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Facebook Used ‘Misleading Claims’ to Stop Research of Its Political Ads, FTC Says

The social network and FTC are at odds again

Facebook made “inaccurate” and “misleading claims” when it blocked academic researchers from studying political ads on its platform, according to the FTC. The FTC’s criticism marks the latest round in an ongoing battle between the two sides, after the FTC recently had its antitrust lawsuit against the social network dismissed.

Here’s what just happened: Facebook on Tuesday shut down the accounts of New York University researchers looking at the company’s ads. Facebook said it had to block their access in order to stay “in line” with a privacy agreement it had in place with the FTC. Company spokesperson Joe Osborne later walked back that excuse to Wired, saying Facebook’s consent decree was not the reason it blocked the researchers’ account. Still, the FTC wasn’t happy with Facebook, saying its initial claim was bogus.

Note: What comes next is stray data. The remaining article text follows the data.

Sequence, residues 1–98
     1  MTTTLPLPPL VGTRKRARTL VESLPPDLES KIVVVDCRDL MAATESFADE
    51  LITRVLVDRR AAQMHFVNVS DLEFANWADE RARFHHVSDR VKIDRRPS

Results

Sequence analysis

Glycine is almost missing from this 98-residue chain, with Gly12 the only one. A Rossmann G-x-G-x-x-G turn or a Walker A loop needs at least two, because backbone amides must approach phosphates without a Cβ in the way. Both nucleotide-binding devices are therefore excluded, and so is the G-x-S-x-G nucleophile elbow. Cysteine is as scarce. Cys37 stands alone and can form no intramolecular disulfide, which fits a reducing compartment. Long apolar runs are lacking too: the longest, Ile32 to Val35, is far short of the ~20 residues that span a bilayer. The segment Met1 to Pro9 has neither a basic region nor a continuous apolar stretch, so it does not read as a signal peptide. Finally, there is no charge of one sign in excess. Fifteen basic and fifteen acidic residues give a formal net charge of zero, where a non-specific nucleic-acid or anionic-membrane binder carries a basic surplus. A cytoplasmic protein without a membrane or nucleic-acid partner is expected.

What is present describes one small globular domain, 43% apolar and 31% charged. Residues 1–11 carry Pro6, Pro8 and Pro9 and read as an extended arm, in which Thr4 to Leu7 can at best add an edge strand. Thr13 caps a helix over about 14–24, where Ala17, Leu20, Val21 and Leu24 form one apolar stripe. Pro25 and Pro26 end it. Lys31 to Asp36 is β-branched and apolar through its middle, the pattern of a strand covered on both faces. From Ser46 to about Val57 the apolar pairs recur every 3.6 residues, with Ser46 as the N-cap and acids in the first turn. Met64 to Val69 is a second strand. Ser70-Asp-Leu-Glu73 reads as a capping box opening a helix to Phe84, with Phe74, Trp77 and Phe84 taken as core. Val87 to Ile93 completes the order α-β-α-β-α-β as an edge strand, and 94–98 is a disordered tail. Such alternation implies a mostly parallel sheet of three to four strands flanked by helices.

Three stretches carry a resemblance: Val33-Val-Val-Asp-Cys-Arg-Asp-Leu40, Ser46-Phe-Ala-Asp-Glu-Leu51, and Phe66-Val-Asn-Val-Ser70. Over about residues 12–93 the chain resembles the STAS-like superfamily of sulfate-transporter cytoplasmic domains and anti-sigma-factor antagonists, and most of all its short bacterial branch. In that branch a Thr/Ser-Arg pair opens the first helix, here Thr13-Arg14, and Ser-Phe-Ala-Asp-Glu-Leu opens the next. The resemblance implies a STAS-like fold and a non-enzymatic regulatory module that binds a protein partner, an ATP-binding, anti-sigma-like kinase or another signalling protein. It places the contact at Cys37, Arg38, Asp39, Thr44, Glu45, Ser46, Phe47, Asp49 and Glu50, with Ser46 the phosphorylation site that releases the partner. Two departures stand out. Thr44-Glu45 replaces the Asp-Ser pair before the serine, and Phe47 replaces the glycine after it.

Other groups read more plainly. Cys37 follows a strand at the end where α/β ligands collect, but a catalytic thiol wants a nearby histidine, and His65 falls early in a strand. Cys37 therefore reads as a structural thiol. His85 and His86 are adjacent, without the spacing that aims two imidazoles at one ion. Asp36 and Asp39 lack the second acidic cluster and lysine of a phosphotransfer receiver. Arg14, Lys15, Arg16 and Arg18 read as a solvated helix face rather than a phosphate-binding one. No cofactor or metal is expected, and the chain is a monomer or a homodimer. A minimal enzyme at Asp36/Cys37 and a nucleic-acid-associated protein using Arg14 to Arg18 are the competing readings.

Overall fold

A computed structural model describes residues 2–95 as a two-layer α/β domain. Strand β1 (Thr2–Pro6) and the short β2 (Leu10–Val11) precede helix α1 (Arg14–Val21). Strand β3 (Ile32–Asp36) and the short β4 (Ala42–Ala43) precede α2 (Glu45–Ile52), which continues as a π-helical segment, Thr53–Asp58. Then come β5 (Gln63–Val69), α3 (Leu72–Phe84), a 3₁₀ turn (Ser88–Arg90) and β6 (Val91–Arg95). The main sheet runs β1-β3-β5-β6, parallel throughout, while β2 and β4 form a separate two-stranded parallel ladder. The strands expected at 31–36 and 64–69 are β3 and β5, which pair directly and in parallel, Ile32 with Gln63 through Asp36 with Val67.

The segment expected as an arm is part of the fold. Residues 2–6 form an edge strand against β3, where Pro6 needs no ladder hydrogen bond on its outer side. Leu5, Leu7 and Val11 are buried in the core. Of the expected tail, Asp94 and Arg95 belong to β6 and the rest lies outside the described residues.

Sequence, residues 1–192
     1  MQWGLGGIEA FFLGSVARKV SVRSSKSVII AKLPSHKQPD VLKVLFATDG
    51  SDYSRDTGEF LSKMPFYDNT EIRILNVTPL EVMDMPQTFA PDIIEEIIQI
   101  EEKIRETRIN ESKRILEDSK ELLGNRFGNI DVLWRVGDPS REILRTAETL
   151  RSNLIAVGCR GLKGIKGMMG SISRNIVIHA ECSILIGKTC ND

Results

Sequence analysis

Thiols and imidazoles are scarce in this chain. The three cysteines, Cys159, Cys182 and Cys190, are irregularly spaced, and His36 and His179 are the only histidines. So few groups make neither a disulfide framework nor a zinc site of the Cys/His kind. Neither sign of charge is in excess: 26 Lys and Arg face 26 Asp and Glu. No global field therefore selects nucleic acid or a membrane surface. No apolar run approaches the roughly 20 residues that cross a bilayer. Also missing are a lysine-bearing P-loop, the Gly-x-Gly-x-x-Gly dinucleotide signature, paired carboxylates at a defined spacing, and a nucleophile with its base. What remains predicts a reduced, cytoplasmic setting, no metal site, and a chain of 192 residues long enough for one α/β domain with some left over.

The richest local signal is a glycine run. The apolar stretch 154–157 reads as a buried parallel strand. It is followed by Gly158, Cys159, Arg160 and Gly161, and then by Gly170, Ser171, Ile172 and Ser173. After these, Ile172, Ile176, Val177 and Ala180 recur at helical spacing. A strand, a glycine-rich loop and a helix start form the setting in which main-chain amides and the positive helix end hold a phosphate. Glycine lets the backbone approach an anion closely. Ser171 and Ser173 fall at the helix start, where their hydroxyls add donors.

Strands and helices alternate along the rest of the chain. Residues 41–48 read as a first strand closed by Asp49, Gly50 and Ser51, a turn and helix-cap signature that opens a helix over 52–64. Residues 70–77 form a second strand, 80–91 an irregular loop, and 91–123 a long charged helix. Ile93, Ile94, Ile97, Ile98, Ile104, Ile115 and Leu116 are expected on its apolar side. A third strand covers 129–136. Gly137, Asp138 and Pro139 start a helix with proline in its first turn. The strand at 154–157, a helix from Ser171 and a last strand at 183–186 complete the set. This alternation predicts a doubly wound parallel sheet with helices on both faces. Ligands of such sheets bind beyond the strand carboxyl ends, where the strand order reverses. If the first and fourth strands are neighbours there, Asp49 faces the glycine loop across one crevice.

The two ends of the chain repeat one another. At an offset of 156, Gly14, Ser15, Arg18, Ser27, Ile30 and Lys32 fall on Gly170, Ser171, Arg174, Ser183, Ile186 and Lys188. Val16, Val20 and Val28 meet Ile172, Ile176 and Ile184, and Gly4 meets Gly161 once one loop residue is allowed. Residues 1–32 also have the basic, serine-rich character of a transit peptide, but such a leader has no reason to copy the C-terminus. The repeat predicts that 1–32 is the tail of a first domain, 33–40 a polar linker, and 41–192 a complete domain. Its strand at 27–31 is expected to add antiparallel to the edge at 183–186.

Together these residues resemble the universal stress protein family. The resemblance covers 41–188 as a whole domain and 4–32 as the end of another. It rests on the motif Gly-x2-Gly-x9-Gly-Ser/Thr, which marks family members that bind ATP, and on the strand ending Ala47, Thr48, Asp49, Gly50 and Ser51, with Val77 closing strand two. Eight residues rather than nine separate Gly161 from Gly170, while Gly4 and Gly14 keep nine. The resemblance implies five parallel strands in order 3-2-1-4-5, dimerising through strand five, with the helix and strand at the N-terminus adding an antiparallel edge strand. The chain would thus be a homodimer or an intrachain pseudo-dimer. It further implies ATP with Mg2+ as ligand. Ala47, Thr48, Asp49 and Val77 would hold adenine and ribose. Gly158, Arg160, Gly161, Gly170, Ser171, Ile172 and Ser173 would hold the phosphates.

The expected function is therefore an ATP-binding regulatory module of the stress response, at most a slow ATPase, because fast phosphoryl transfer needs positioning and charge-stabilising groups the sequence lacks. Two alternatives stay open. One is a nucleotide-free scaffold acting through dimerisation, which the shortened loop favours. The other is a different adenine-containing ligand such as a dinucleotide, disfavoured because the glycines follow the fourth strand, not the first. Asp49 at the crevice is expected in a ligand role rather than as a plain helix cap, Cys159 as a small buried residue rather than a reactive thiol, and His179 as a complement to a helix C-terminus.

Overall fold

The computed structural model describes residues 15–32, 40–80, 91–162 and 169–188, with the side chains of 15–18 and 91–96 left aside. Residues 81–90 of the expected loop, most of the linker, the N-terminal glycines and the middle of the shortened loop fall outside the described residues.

Samuel Levine, the FTC’s acting director for the Bureau of Consumer Protection, told Facebook CEO Mark Zuckerberg as much in a letter obtained by The Washington Post on Thursday.

“Had you honored your commitment to contact us in advance, we would have pointed out that the consent decree does not bar Facebook from creating exceptions for good-faith research in the public interest,” Levine said. “While I appreciate that Facebook has now corrected the record, I am disappointed by how your company has conducted itself in this matter.”

Levine added: “The FTC received no notice that Facebook would be publicly invoking our consent decree to justify terminating academic research earlier this week.”

The latest back-and-forth adds another chapter to the contentious FTC-Facebook relationship. A couple years back, Facebook paid a record $5 billion fine to settle an FTC probe into its user privacy policies. The FTC then sued Facebook last December, claiming it not only has a social network monopoly, but that it has maintained that position primarily through its acquisitions of Instagram and WhatsApp; Facebook bought Instagram for $1 billion in 2012, and two years later, paid $19 billion for WhatsApp. (Both deals were approved by the FTC.)

That case was thrown out in June, though, for being “legally insufficient.” The FTC now has until Aug. 19 to file an amended antitrust lawsuit against Facebook.